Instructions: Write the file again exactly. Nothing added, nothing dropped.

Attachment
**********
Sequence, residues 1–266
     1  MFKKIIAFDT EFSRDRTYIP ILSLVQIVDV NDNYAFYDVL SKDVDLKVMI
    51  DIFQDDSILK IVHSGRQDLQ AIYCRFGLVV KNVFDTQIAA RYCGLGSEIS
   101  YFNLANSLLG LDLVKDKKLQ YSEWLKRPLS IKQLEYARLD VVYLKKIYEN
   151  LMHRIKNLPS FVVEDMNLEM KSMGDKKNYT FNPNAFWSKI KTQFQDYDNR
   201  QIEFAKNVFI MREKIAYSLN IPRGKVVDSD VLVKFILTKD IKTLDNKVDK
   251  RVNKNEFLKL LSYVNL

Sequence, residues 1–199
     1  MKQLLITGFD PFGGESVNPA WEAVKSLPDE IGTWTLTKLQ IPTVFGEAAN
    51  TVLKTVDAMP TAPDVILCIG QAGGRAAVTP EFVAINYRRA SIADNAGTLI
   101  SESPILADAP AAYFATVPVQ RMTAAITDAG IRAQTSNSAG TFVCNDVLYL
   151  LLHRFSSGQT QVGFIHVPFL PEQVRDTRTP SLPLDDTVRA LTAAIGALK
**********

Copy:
Sequence, residues 1–266
     1  MFKKIIAFDT EFSRDRTYIP ILSLVQIVDV NDNYAFYDVL SKDVDLKVMI
    51  DIFQDDSILK IVHSGRQDLQ AIYCRFGLVV KNVFDTQIAA RYCGLGSEIS
   101  YFNLANSLLG LDLVKDKKLQ YSEWLKRPLS IKQLEYARLD VVYLKKIYEN
   151  LMHRIKNLPS FVVEDMNLEM KSMGDKKNYT FNPNAFWSKI KTQFQDYDNR
   201  QIEFAKNVFI MREKIAYSLN IPRGKVVDSD VLVKFILTKD IKTLDNKVDK
   251  RVNKNEFLKL LSYVNL

Sequence, residues 1–199
     1  MKQLLITGFD PFGGESVNPA WEAVKSLPDE IGTWTLTKLQ IPTVFGEAAN
    51  TVLKTVDAMP TAPDVILCIG QAGGRAAVTP EFVAINYRRA SIADNAGTLI
   101  SESPILADAP AAYFATVPVQ RMTAAITDAG IRAQTSNSAG TFVCNDVLYL
   151  LLHRFSSGQT QVGFIHVPFL PEQVRDTRTP SLPLDDTVRA LTAAIGALK